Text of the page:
Poor adherence has also been demonstrated in other groups. Several studies included in this review mentioned limitations of technology due to know-how or non-use. Ogink et al. found that only 36% of participants correctly performed BP measurements with their cuffless monitor after instruction.46 However, the authors suggested that education using a set procedure or an instructional video may increase correct usage.46,57,58 Nicolaï et al. found that 30% of patients in the wearable intervention group did not use the prescribed fitness tracker for the duration of the study or at all.33 Similarly, Endicott et al. reported 43% non-use of fitness trackers by participants.25 Although adherence to the use of fitness trackers was very good (>80%) in a series of trials by Gardner et al., it was noted that participants were volunteers.31,32 This exposes the study to selection bias, where patients who were more comfortable with technology or were more motivated were more likely to participate.
Further work is needed to determine digital literacy in vascular patients. This could be achieved through validated literacy questionnaires such as eHEALS for eHealth literacy or MDPQ-16 for mobile device proficiency.59,60 Thus, appropriate wearable and telemonitoring interventions may be used and adequate coaching given to participants.
The expansion of wearable and telemonitoring interventions is limited by infrastructure. Hovey et al. investigated several practical aspects that negatively affected telemonitoring.61 Suboptimal internet connectivity, especially in rural areas, affected data collection and patient adherence. There were hardware issues that needed to be diagnosed remotely and required replacement equipment, thereby reducing patient access and increasing costs. Software issues were identified that could affect large-scale implementations of telemonitoring. For successful wearable and telemonitoring interventions, there is a need for robust and reliable infrastructure. Larger-scale extended studies could be conducted to validate the large-scale extension of a wearable or telemonitoring intervention.
The up-front cost of novel technology is often cited as prohibitive to widespread adoption. In fact, wearable and telemonitoring interventions may have cost benefits compared with conventional management. With regards to PAD management, a standard 3-month supervised exercise programme was estimated to cost about £235–£345 per patient in a 2013 study.62 In comparison, fitness trackers can cost as little as £21 per unit, although this can be considerably higher with more advanced devices. Furthermore, this cost can be offset by the reduction in travel expenses for the patient. These interventions additionally allow the individual tailoring of exercise requirements for each patient, which cannot be achieved with group supervised exercise.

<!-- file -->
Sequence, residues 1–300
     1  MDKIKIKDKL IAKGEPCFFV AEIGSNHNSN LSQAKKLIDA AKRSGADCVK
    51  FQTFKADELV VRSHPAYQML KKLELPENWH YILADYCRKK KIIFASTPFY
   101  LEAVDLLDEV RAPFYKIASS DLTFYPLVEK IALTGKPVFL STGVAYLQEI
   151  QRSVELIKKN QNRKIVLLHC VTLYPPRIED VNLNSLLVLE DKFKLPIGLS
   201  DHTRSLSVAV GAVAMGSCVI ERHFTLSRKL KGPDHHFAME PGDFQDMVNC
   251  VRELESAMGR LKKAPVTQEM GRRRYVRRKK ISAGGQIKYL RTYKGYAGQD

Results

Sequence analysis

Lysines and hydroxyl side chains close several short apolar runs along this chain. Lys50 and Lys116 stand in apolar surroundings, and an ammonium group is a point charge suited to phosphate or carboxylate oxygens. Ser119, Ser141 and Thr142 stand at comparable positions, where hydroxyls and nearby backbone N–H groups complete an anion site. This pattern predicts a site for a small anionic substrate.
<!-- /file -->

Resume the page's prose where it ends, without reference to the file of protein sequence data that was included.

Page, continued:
Similarly, telemonitoring hypertension interventions may be cost-efficient. Low adherence to antihypertensive therapy was estimated to cost US$3,574 per patient over a 3-year period.49 In a 2015 study, Davidson et al. estimated the cost of their telemonitoring intervention (electronic medication tray, SMS encouragement, Bluetooth BP monitor and associated support staff) to be US$65 per month for patients who owned a smartphone and US$128 per month for those who did not.50 Investigators noted that the average cost of an emergency department visit to be US$5,923 and the intervention group had a 57% reduction in visits compared with those receiving standard care, therefore giving a US$17,548 cost saving over a 6-month period. In addition, as telemonitoring can potentially identify patients with white-coat hypertension. It may avoid overtreatment and associated medication costs.7 There is a need, however, for further work to formally evaluate cost-effectiveness of wearable and telemonitoring interventions in cardiovascular patients.
Wearable technologies are becoming increasingly prevalent and there is some evidence that wearable and telemonitoring interventions may be beneficial for managing vascular patients and keeping them out of hospital. With healthcare moving towards a digital future, it is inevitable that wearable devices and telemonitoring will become increasingly widespread in the clinical environment. More work is needed to validate these technologies with regards to digital literacy of patients, cost-effectiveness and supporting digital infrastructure before widespread implementation.